Wisconsin Offers Shipbuilder $50M In Incentives

MADISON, Wis. (AP) -- Gov. Jim Doyle's administration is offering $50 million in incentives to help Marinette Marine Corp.'s parent company land a U.S. Navy contract that could provide economic stability in northeastern Wisconsin.

Italian shipbuilder Fincantieri Marine Group hopes to build high-speed Navy combat ships for use in coastal waters. The contract would create more than 1,000 jobs in Marinette plus thousands of additional jobs for suppliers and vendors in the region.

"This is a project that will put Marinette Marine on the map for a long time," Doyle said. "It's like bringing a big auto plant to the state of Wisconsin."

The work would be the largest defense-industry project in Wisconsin since World War II, when submarines were built in Manitowoc, the Milwaukee Journal Sentinel reported in its Thursday editions.

"The economic impact is absolutely huge for the region," said Richard McCreary, Marinette Marine's chief executive.

The company expects to find out between July and September whether it has won the contract to build 10 littoral combat ships. The vessels represent a new class of speedy warship designed to conduct water combat just off an enemy's shore.

Marinette Marine, along with defense contractor Lockheed Martin Corp., are competing for the Navy business with General Dynamics Corp. and its partner, Austal USA.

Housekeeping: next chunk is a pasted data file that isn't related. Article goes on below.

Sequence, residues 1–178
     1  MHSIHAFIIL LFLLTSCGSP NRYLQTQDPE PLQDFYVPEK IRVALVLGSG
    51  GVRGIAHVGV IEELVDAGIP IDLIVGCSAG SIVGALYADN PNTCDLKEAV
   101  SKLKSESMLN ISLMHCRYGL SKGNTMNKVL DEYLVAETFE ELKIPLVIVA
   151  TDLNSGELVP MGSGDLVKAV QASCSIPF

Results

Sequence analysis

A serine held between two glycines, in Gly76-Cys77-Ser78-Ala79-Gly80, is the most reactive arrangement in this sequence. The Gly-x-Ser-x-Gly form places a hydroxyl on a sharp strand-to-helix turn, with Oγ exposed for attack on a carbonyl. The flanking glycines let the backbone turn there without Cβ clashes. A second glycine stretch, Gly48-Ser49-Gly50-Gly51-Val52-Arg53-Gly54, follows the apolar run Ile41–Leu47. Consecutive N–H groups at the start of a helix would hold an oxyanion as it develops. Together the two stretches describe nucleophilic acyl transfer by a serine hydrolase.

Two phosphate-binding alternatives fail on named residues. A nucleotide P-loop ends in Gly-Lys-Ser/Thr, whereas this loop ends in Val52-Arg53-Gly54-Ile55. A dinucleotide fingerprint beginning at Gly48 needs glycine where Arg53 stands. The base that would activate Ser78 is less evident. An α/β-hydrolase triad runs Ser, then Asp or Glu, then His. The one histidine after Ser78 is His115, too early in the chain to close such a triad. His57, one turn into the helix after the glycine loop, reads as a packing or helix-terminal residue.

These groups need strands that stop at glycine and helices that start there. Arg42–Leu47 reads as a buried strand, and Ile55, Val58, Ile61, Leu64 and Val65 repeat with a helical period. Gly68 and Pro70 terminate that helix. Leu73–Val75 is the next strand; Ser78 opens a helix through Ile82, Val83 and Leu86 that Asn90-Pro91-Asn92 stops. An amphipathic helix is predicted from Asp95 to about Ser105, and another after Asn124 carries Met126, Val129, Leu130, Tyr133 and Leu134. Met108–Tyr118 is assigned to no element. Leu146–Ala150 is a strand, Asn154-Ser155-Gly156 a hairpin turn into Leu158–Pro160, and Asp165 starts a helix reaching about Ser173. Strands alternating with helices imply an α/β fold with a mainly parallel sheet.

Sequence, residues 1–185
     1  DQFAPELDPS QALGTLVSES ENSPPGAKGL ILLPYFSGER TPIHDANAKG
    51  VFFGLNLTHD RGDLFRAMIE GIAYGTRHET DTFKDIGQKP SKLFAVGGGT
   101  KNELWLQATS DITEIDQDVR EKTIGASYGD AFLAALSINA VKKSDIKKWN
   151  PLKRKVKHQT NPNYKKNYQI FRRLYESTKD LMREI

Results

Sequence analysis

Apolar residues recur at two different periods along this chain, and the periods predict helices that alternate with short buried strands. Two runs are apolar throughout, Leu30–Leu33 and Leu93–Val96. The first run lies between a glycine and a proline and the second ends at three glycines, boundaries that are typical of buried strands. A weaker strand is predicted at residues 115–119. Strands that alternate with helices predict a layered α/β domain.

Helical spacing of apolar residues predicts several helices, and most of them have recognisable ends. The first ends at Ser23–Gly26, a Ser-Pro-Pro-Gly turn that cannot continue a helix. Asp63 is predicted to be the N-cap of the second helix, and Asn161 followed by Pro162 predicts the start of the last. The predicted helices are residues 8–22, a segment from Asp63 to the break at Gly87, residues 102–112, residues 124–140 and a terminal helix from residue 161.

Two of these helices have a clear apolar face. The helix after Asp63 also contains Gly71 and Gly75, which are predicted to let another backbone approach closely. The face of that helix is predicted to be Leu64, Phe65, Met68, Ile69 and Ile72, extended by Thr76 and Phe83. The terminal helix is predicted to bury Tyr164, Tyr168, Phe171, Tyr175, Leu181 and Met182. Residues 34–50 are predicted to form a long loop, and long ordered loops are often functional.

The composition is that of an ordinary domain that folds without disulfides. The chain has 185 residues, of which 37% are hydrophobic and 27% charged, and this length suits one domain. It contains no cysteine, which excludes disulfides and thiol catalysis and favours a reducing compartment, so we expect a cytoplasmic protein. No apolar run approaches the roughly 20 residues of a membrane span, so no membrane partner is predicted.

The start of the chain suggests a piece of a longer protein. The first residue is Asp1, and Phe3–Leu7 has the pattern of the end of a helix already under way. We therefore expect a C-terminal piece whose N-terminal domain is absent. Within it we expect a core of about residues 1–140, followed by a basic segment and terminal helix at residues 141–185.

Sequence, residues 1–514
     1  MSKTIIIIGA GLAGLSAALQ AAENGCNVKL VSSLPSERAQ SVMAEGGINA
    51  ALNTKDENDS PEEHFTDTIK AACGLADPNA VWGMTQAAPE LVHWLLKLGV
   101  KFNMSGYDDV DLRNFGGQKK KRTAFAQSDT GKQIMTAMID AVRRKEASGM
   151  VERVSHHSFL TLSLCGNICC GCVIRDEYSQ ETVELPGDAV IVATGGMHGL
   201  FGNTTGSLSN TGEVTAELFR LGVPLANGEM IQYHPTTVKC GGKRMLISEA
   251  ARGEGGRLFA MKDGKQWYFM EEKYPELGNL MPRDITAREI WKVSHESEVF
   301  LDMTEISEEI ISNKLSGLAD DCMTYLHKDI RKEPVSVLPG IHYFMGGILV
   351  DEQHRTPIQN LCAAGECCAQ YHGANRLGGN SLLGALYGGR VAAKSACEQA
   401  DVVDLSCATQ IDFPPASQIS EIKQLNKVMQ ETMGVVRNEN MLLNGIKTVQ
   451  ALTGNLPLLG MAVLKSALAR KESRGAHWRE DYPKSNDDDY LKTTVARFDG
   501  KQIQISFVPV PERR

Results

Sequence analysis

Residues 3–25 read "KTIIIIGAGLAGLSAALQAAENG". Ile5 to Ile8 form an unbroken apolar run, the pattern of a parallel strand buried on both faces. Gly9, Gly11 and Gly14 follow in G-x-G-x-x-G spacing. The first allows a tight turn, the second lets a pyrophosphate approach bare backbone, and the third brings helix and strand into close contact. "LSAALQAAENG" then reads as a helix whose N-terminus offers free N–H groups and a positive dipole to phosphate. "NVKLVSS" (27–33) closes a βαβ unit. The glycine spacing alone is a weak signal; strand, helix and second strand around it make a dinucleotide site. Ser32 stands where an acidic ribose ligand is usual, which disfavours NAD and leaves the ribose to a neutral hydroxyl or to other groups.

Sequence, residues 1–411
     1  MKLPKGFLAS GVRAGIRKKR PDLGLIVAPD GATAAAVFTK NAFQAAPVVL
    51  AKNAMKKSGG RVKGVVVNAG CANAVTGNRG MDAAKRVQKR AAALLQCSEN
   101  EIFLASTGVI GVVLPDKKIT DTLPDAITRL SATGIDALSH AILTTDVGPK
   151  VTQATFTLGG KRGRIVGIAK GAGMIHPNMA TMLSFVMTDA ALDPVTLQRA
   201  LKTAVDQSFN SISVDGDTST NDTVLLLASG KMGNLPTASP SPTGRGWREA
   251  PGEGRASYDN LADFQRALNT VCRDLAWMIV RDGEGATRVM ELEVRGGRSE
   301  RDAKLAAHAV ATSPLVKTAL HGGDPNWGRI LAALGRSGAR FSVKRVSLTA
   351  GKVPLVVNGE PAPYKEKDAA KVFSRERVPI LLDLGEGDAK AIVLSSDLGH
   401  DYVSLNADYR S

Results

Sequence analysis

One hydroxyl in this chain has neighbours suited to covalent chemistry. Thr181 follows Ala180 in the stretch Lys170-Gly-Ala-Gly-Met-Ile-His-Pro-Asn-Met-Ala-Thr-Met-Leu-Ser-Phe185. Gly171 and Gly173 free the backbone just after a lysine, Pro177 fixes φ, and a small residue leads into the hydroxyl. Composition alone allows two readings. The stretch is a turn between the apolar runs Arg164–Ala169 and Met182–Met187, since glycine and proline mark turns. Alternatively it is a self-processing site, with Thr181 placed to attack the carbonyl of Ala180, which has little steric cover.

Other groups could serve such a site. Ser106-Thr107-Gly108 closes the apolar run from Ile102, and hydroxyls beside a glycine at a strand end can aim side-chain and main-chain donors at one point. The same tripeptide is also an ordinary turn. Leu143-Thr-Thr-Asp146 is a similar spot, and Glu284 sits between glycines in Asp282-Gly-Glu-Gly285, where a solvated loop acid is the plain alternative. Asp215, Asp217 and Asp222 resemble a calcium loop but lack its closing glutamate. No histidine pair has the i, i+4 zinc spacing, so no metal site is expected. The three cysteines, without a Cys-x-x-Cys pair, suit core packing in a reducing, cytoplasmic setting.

The long-term stakes are high. Eventually the Navy wants some 55 littoral ships, which cost several hundred million dollars each.

If General Dynamics wins the bid its construction will take place in Mobile, Ala., where it has already built one littoral ship.

To make Marinette more competitive, Doyle's administration is offering a string of incentives. They include about $28 million in tax credits to help cover plant and equipment investments, plus millions to help recruit and train workers.

The company would receive the state tax credits only as it makes its own plant and personnel investments, which could reach $100 million, Doyle said.

"Nobody's handing over $50 million in cash," Doyle said. "This more than pays for itself over time."

Alabama hasn't said what incentives it might offer. "And I would not tell you if I knew," Austal spokesman Bill Pfister said.

The littoral combat ship is smaller than the Navy's next-generation surface combat ship and can move through shallow waters at "sprint speed" to get troops safely out of enemy territory. The ships can travel at 58 mph, compared with the average speed of 35 mph for other combat ships.

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